I recall conversations from past Christmas seasons about a “spirit” of Christmas. I remember people sometimes talking about whether they had the “Christmas spirit” this year or not.
I think what was really meant by that was whether they were in a joyful and giving mood during that Christmas season.
I still hear some references from time to time about the “spirit of Christmas.” So, is there a “spirit” that is associated with Christmas?
Perhaps I should say a little more about the reality of “spirits.” The Bible refers in many places about different kinds of “spirits.” There is mention of a “spirit of antichrist,” a “spirit of fear,” a “broken spirit” and a “foul spirit.” Also included in the Bible’s list is a “spirit of grace,” a “humble spirit,” a “spirit of jealousy” and a “spirit of judgement” and “knowledge.” There’s more … a “spirit of truth,” a “sorrowful spirit” and an “unclean spirit.” You probably get the idea that there are a lot of conditions that the Bible associates with “spirits.” Some are good, and some are evil and harmful.
So, what about Christmas? Is there really a “spirit” of Christmas? I believe that the way we feel about most everything in our life is a result of some kind of “spirit” that we have allowed to enter us through a life event or a life decision.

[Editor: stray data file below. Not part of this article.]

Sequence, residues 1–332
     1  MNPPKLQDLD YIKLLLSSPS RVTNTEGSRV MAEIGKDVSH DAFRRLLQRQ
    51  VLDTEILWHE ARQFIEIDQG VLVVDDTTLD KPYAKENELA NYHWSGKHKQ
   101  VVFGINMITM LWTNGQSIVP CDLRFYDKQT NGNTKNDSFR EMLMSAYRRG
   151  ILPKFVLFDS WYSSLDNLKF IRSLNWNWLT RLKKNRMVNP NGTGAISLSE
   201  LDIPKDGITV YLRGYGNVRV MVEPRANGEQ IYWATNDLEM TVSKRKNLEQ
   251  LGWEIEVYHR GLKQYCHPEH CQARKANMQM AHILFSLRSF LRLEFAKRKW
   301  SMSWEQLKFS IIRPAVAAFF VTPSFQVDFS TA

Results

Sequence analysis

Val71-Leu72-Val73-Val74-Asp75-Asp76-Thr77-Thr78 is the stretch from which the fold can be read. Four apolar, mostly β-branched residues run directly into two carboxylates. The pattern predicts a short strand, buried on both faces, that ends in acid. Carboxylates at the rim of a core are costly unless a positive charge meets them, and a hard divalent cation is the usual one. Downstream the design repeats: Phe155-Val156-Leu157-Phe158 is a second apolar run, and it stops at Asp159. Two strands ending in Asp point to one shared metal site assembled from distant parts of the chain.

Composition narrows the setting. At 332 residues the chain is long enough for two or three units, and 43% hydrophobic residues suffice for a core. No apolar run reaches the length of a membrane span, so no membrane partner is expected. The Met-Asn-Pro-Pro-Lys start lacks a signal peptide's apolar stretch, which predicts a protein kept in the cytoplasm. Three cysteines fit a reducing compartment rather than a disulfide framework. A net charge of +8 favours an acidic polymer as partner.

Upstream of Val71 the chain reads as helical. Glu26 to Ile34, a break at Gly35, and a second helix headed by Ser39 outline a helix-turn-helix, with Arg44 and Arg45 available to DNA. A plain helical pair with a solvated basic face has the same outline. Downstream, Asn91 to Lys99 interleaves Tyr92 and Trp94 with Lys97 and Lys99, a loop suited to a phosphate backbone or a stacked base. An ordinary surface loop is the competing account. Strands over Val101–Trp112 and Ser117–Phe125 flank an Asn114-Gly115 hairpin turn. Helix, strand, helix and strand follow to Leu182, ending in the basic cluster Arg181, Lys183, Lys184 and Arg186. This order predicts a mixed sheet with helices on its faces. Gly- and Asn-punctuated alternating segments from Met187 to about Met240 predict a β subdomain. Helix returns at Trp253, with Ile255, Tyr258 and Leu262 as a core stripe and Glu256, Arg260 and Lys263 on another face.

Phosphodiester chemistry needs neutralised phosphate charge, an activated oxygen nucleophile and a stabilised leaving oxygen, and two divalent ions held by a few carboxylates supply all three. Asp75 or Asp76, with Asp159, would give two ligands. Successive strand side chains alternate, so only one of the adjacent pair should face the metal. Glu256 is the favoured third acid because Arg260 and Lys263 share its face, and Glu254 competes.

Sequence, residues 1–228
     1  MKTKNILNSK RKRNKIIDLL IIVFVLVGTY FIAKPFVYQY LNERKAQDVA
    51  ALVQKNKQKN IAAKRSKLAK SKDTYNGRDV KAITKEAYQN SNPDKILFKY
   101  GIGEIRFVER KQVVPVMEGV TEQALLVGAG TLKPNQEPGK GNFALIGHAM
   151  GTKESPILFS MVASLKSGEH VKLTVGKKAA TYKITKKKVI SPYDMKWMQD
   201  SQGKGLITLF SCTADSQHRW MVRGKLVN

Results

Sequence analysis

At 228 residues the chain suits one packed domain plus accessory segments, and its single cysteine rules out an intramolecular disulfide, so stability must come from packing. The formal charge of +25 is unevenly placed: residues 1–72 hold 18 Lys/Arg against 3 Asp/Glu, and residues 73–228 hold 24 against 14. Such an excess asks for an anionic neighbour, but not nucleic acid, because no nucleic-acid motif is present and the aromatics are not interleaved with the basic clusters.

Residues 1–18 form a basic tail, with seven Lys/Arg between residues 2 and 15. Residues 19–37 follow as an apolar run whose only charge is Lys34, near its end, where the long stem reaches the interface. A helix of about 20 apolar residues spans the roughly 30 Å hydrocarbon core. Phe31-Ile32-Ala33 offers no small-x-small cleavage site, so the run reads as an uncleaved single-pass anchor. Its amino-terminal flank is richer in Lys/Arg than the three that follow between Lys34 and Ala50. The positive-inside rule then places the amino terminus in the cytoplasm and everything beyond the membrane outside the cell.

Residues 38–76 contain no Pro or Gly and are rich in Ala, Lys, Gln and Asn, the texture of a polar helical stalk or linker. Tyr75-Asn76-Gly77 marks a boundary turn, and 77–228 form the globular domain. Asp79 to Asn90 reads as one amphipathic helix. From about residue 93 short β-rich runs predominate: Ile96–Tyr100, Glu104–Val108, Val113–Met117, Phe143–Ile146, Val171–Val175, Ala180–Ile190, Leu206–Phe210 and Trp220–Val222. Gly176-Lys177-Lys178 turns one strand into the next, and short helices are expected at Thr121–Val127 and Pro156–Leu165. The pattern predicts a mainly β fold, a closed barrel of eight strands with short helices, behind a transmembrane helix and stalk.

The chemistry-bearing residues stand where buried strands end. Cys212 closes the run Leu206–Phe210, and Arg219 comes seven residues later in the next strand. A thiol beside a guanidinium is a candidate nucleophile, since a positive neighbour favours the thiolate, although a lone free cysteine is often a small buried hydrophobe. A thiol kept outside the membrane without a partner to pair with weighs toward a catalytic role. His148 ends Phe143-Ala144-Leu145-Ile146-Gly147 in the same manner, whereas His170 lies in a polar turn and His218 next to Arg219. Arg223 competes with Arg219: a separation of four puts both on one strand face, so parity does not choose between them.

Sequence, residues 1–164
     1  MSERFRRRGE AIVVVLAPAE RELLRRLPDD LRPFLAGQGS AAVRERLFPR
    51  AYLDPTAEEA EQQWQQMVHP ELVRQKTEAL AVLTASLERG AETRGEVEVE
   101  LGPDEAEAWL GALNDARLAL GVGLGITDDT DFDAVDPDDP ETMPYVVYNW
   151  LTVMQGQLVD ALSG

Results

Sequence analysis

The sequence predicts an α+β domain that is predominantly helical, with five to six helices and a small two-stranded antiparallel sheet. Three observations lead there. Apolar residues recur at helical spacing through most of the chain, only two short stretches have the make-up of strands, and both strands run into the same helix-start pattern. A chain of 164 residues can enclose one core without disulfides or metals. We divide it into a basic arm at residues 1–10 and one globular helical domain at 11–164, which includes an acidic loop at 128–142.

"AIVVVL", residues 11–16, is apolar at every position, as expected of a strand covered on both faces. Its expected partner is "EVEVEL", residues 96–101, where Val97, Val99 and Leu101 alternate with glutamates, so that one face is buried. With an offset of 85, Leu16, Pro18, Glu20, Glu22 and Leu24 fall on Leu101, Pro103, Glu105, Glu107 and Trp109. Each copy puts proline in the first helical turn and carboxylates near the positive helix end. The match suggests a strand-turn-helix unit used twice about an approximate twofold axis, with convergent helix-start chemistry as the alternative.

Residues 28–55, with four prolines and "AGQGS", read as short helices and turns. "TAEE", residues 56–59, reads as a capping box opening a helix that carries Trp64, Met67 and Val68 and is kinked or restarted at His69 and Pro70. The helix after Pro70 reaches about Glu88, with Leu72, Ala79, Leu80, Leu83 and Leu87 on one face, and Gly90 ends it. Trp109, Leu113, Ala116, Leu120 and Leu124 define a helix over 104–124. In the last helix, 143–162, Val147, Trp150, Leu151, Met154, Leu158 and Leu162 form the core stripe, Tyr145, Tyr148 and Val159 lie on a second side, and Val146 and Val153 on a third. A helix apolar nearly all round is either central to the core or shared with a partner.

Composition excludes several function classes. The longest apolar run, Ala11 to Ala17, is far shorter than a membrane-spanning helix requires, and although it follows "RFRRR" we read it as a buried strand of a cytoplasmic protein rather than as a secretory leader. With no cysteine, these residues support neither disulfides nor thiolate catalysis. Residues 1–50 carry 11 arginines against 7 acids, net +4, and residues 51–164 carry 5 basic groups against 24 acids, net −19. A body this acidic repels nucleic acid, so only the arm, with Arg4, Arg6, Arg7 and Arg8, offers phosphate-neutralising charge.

Christmas, despite all the commercialization and emphasis on gift exchanging, springs from the true story of the birth of Jesus, God’s promised Messiah.
There is a long period of darkness in the Bible when God was silent. The nation Israel was God’s chosen people through whom the promised Messiah, the Savior of the world, was to come. Between the last prophecy from the prophet Malachi to the first gospel of Matthew, there were 400 years of waiting for God to speak.
When God did speak, he did so with the glorious announcement of the birth of Jesus to a small group of lowly shepherds on a hillside outside of Bethlehem. The effect then, and even now, is a spirit of hope!
Sweaters stretch. Toys break. Jewelry gets tarnished or lost. Clothes only fit for awhile and do not stay in style, but Jesus is the gift of salvation for the world, and that has never changed.
Because of Jesus’ entrance into our world, sin can be forgiven and our life can go on for eternity. If that doesn’t instill a “spirit” of hope, hope cannot be found.
David Woods is a teaching pastor at Park Chapel Christian Church in Greenfield. This weekly column is written by local clergy members.